For their part, administrators can set up multiple print queues to PostScript printers over either TCP/IP, AppleTalk or USB; assign unique job settings, priority, and sharing options to each print queue; and stipulate disk storage quotas per user.

File sharing - Apple has now integrated Samba with Jaguar's LDAP Directory for password-based user authentication. As a result, a separate database won't be needed for Windows systems. Through the LDAP Directory's built-in password server, users will be able to access their network files from both Windows and Macs without changing their user names or passwords.

On Windows clients, users will be able to view OS X servers and browse for files. The shared file streams hosted on OS X will appear in Windows' Network Neighborhood, Goguen says.

What's In Jaguar For UNIX Managers?
Easier portability of UNIX apps - Apple is adding several new features in the interests of easier portability for UNIX apps. The POSIX API has been enhanced with thread signaling and I/O (pthread_kill, pthread_cancel, pread, and pwrite). Solaris and Linux administrators will now be able to get SysV IPC and semaphores, such as "ftok," from a single compatibility library, for instance.

Still, though, porting a UNIX app to MacOS often involves more than a simple recompile, according to Rosenthol. "It's not one of the other flavors of Linux, so you can's just go pull down Linux or Solaris binaries. RPMs and debs are out. So what do you get? Tarballs," he says, referring to the UNIX-standard compressed archives.

Apple uses its own native package format for Mac OS X. GNU-Darwin and Fink packaging can also work, according to Rosenthol. Before installing the package, you need to build the software using the traditional UNIX 'make' application. First, though, you need to be sure the app is configured for the new operating environment. Some programs don't have the necessary checks to configure themselves for Mac OS X. In those situations, Rostenthol recommends copying helper files such as config.guess.

Terminal Manager - Jaguar's new Terminal Manager will get UNIX administrators to the command line. "We're including a CLI because that's what UNIX users want," Goguen says..

"MacOS X is based on UNIX and features a (nearly) complete POSIX subsystem. Since I rely heavily on UNIX commands and Emacs, and since I would have to do all these things manually in XP, MacOS X beats XP for me," concurs one administrator, in a newsgroup posting.

"UNIX administrators usually have a favorite command shell," Goguen adds. "Terminal Manager supports a number of them through the Darwin Project. We also ship the necessary 'make' and compile tools."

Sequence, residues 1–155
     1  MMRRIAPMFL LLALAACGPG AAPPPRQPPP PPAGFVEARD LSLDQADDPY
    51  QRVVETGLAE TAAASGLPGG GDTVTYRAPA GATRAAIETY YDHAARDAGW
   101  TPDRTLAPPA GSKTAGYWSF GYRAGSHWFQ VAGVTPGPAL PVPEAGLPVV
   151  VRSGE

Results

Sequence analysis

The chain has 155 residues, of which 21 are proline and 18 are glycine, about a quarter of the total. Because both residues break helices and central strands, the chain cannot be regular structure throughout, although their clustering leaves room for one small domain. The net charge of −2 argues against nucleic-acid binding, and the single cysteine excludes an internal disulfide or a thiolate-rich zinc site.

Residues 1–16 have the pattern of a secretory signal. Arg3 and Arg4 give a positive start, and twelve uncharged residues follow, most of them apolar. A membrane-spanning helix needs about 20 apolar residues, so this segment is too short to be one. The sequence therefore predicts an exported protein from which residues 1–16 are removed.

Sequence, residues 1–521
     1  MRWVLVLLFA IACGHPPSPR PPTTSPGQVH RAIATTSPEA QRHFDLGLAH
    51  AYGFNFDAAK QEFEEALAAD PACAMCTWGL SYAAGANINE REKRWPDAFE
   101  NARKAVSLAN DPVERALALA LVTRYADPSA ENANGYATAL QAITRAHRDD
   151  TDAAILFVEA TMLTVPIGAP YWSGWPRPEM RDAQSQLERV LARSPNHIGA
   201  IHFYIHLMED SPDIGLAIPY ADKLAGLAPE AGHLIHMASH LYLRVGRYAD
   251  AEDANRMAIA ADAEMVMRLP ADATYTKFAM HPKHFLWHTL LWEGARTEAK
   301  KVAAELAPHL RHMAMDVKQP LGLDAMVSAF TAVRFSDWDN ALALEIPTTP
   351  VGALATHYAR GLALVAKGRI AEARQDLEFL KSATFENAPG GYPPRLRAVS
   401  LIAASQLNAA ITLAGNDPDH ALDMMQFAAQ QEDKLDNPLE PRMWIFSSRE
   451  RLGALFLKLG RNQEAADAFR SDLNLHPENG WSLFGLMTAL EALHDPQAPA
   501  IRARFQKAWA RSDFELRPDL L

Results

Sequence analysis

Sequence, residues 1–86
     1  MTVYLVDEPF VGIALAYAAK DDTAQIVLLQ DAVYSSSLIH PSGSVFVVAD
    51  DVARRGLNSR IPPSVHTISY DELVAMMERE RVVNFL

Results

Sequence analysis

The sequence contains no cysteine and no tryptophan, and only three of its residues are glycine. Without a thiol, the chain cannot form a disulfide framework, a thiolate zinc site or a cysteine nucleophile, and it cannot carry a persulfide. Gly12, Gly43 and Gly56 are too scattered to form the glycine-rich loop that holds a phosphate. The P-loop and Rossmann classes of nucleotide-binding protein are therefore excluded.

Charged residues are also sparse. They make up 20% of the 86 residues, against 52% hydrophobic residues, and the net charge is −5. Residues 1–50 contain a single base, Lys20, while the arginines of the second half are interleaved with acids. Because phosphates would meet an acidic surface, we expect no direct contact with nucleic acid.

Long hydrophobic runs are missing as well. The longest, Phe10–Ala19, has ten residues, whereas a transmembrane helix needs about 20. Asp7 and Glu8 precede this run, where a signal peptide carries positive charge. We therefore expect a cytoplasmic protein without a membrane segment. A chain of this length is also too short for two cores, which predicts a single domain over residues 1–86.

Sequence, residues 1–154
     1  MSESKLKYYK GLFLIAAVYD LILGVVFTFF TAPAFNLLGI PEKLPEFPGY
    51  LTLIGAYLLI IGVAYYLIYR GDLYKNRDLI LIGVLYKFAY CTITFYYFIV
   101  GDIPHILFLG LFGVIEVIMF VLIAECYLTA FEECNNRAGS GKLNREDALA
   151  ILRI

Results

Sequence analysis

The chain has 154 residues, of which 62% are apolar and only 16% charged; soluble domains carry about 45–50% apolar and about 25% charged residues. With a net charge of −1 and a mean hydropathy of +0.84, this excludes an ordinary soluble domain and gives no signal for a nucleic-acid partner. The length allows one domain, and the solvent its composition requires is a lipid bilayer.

Printer sharing through CUPS - CUPS was developed by Easy Software Products as a portable printing layer for UNIX OS. The system uses Internet Printing Protocol as the basis for managing print jobs and queues. PostScript Printer Description (PPD)-based printing options are available, as well. CUPS also supports several other protocols at "reduced functionality," including SMB, line printer daemon (LPD) server, and AppSocket, according to EasySoft officials.

File sharing through NFS - In Jaguar, Apple will augment NFS file sharing with a default setting in the FTP server that prohibits anonymous users from either changing file permissions or deleting, renaming, overwriting or uploading files.

What ISN'T In Jaguar?
A Microsoft Exchange client - At this point, neither Apple nor Microsoft is providing a Microsoft Exchange client for MacOS.

"MacOS users can now use IMAP to read e-mail from Exchange. This is not a 100 percent solution, though," Goguen acknowledges.

Also at MacWorld, Microsoft introduced Remote Desktop Connection, free software designed to let Mac users access data stored on Exchange and other Windows servers.

"No Exchange client is planned by Apple. Microsoft has been looking at that, but I don't know what their plans are," Weyer says. "Microsoft's Exchange implementation is 'proprietary.' If you want it, you'll have to get it from Microsoft."

An X Window interface -- "Yes, It's true. Mac OS X doesn't include an implementation of X Window!" Rosenthol observes.

Apple, in fact, has no plans to put X Window in MacOS, according to Goguen. "This is primarily because we have such a great graphics engine. That's where we really shine."

It's now possible, though, to run X Window on MacOS with the use of either XDarwin, a Cocoa application, or XFree 4.1, according to Rosenthol. Third- party commercial software is also available for this purpose, Goguen says.

Many graphical UNIX applications, though, can be run without X Window in command line mode, according to Goguen. "The graphical part is separate from the actual application." Apple, he notes, produces a Cocoa product called Interface Builder that lets users create their own Macintosh graphics for applications.